The sound of drums reverberated during break time, sometimes even during class. In two weeks the students had memorized several music scores and the choreography while the teachers' tasks were limited to announcing the practice schedule, setting the deadline to memorize the music scores, and requesting the hiring of drums. Students, even a slightly built one, got together from early morning to carry the drums. On field day the school was filled with their powerful beat. As the students accomplished more, they gained confidence and became more reliable.
   In March 2000 student representatives started preparing for the graduation ceremonies. As an integrated study class was ongoing we could not recruit members for the organizing group. Teachers presented a rough proposal for the graduation ceremonies: four students would say a few words of farewell, then a group would read a poem and sing a song. The two poems and about 10 songs suggested by students were put to a vote. Students warned that love songs were unsuitable for graduation day and fast-paced songs would not be understood. The teachers left the students alone. The students' standard for choosing the graduation ceremony song was clear and they were taking the selection seriously.
   A student brought a compact disc of "Haikei Roman," played by a band called 19. This student disliked school and had spent a lot of time in game centers and karaoke bars, so he knew a lot of songs. The lyrics of the song begin with, "Thank you very much. Please help me in various ways from now on, too." It is suitable for graduation day as it reminds the listener to cherish the memory of school and to work hard. "Haikei Roman" was selected by two thirds of the students. During the first practice, however, the teachers scolded the students for not taking the difficult song seriously. It was the school-hating student who recommended it who exhorted his classmates to sing it properly. During the graduation ceremony, the graduates received their diplomas and then presented their program. The grade-5 students enjoyed it so much that they said they would play the drums at their own graduation ceremony, too.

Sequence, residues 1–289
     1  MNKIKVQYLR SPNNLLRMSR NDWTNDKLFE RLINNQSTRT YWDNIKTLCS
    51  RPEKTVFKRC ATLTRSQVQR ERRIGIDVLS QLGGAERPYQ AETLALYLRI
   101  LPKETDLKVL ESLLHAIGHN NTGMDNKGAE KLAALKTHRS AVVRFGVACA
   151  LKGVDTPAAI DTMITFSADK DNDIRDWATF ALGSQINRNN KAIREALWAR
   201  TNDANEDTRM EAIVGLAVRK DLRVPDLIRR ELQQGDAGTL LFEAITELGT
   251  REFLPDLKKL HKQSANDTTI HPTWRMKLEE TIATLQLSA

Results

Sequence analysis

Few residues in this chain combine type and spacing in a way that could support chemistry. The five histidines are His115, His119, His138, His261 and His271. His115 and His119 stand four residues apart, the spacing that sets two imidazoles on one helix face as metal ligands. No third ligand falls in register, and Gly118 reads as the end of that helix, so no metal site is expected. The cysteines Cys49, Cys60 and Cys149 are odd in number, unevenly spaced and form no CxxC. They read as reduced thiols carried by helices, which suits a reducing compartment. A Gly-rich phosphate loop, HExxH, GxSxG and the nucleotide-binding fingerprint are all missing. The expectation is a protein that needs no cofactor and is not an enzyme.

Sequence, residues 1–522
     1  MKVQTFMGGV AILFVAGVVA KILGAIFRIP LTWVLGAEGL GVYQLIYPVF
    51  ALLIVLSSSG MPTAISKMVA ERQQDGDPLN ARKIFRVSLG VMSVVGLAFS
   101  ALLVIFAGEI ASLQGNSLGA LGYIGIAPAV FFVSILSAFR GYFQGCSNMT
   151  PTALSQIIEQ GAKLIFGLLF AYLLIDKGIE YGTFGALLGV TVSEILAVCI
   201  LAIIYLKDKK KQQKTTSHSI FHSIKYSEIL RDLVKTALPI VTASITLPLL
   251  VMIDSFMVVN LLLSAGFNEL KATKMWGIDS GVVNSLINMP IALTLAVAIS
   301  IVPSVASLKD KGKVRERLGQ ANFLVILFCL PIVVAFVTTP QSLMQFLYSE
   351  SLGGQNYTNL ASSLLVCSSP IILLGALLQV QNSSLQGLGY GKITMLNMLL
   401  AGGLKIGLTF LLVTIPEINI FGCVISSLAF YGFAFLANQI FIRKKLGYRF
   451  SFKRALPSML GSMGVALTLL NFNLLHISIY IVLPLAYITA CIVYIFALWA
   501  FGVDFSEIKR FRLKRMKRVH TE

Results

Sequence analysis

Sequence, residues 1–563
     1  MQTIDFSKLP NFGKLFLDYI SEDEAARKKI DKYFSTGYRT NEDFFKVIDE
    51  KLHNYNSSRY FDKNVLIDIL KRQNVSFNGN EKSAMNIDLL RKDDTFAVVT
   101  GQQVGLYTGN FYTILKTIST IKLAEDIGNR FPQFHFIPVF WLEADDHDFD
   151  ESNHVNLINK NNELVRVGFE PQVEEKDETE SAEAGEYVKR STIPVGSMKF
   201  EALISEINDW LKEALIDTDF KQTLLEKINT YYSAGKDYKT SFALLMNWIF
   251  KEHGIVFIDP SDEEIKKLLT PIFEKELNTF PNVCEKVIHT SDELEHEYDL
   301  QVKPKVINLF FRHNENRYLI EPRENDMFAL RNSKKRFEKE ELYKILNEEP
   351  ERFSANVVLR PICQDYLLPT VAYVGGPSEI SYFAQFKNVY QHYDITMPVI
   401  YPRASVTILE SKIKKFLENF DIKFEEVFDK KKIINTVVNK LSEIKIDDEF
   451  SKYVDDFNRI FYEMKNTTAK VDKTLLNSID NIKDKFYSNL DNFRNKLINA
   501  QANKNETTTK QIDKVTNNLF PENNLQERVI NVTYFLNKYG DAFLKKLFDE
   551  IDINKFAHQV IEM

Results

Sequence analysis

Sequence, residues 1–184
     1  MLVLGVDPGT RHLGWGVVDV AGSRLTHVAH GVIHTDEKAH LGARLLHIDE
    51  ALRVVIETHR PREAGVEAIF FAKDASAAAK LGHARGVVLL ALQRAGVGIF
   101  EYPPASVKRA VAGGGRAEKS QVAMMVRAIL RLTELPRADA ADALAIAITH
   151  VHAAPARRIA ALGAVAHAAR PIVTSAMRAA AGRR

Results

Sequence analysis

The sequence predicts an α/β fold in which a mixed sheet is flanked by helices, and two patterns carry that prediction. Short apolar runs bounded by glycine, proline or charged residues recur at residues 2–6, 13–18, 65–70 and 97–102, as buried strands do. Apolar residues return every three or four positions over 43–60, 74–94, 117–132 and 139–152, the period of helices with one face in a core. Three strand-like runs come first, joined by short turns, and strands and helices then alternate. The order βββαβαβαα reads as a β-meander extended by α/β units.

Respecting the Independence of Students

When students reach puberty, they become critical of adults and have difficulty controlling their feelings. When I was a grade-6 homeroom teacher, my relationship with the students was worse than when I was teaching grade 5. The other grade-6 teachers and I eventually overcame the problem.
   My homeroom students are all full of life and well behaved but do not always obey their teachers. Sometimes we have a contest of wills, but our basic rule is to consult the students about important matters and help them make their own decisions. A teacher visiting from a junior high school was surprised to find such capable elementary school students and said that junior high school students should be able to emulate them.
   During meetings to discuss the Integrated Study Program, students started by saying, "I don't want to go to school" and "I want to play." Then before we knew it, they had decided what to do: prepare a performance for the students, make goods to sell at a flea market, play the drums, dance, or skip rope. Even during break periods, the videotape of yosakoi soran (folk dances with music) was played, and more and more students came to join the dance team.